Fender Esquire Solid Body Electric Guitar (1955)

Fender  Esquire Solid Body Electric Guitar  (1955)
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Item # 8921
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Fender Esquire Model Solid Body Electric Guitar (1955), made in Fullerton, California, serial # 8316, Blonde lacquer finish, ash body, maple neck, black hard shell case.

This is a lovely early "whiteguard" Esquire, a superb example of 1950s Fender greatness and an extremely fine-sounding guitar. The Esquire was cataloged by Fender sales as a separate model but was really just a single-pickup Telecaster, which allowed them to offer a slightly cheaper alternative for the buyer who couldn't quite spring for the Tele's $189.50 price tag. This one is one of the early versions of the newer "whiteguard" Fenders and shows typical features for this period including the single-ply white plastic pickguard (standard by the beginning of 1955, replacing the earlier black phenolic) and the old script Fender logo decal above the original-style round-style string tree.

The grainy ash body has a slightly yellowed blonde finish, not as dark as the earlier '50s style but more transparent than the early 1960s "white-blonde". The body is dated 1-55 in the neck cavity. The neck is also dated 1-55 with Taddeo Gomez initials. It has a relatively rounded profile that shows the beginnings of the "V" shape that became more prominent in 1957. The serial number is stamped on the neck plate (recently moved from the bridge) and is still in the original 4-digit series.

The single flat-pole pickup back by the bridge is still in "blackguard" territory sonically. It is controlled by a volume, tone, and 3-way switch with a "top hat" tip offering three tonal options: the #1 bass-heavy rolloff setting, the #2 straight tone control, and #3 "bypass" sending the signal straight to the jack. This last setting is the Esquire's secret bonus, offering some of the finest, snarliest tones ever to emerge from the Fullerton factory. This one was wired up by Gloria on 1-26-55, and her masking tape tag is still intact in the cavity.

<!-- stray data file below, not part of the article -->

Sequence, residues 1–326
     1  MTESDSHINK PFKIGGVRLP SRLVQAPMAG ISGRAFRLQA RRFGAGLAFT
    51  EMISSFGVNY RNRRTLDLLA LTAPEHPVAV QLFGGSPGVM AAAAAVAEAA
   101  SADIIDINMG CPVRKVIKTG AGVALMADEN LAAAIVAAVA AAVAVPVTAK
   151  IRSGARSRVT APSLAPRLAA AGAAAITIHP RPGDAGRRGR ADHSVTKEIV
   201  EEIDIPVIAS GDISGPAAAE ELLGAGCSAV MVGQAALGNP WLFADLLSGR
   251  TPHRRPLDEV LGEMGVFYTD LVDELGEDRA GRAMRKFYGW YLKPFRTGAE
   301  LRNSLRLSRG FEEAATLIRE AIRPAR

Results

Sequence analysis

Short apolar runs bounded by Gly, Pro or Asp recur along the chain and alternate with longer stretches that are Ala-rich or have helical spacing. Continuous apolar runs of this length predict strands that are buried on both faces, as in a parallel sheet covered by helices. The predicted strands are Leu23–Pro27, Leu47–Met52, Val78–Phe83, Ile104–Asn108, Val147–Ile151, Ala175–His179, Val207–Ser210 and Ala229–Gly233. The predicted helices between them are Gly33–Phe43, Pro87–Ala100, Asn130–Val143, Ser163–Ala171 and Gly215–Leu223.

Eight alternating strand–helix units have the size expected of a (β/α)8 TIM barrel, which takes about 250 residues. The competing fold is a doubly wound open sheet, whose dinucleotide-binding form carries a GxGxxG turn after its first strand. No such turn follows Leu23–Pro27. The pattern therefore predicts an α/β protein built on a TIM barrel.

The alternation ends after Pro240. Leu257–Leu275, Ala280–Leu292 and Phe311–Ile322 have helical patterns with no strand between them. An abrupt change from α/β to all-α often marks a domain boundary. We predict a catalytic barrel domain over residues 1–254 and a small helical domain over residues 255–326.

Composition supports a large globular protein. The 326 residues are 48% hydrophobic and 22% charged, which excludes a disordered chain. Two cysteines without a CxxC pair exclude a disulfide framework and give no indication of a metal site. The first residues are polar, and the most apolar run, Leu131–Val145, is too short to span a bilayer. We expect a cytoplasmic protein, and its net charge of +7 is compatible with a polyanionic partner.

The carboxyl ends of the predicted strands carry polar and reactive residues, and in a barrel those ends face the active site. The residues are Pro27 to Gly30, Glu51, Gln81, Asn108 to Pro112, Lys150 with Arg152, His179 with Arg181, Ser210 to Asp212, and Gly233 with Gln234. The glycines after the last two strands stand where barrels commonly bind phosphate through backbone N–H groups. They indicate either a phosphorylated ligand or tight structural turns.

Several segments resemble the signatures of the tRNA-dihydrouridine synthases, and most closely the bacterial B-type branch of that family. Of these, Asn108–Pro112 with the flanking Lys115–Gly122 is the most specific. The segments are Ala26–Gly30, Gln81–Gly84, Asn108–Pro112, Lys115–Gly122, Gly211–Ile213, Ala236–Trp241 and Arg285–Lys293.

This early "Whiteguard" is a fantastic-sounding guitar, a joy to play...even to just hold! It has a small "playing card" applique on the body, but is otherwise unaltered. This exact style was used by Luther Perkins with Johnny Cash and Paul Burlison with the Johnny Burnette Trio, as well as many other early rock'n'roll and country players. It resides in a modern molded plastic case, still a twang machine par excellence.
 
Overall length is 38 3/4 in. (98.4 cm.), 12 3/4 in. (32.4 cm.) wide at lower bout, and 1 3/4 in. (4.4 cm.) in depth, measured at side of rim. Scale length is 25 1/2 in. (648 mm.). Width of nut is 1 5/8 in. (41 mm.).

This is a nicely original and well-preserved guitar, with only the addition of a small talisman on the top of the body keeping it from being 100% unaltered. The body and neck finish show some typical wear with small dings, scratches, and scuffs, most notably to the body edges. The back shows only a small area of belt buckle wear. The neck finish has some wear to the back and edges, through to the wood only in the lower positions. The fingerboard has spots worn through the lacquer from in the "cowboy chord" zone down to around the 6th fret. There is a bit of missing finish right at the bottom end of the neck, where somebody strummed long ago.

All hardware on the instrument is original including the tuners, pickup, wiring, knobs, and bridge components. The steel bridge saddles have some corrosion but nothing too serious. The pickguard is original and quite well-preserved with no cracks and only some light scratching on the top surface. The Esquire-specific electronics are complete and undisturbed. The little "Gambler" emblem added at some point to the top shows an ace-high deck is neatly made of pearl with rhinestone accents. It appears pretty solidly affixed and we'd consider it bad luck to try to remove it...it's definitely part of this guitar's history!

The original frets have some wear, mostly in the lower positions but not enough to adversely affect playability. The guitar plays and sounds fantastic, just as good as expected and overall is one of the nicer "Whiteguards" we have had, a twang machine par excellence. The original case or bag is no longer with it, but it is housed in a molded plastic case with a bit of provenance to it; a re-issue tweed case can be supplied if desired. Excellent Condition.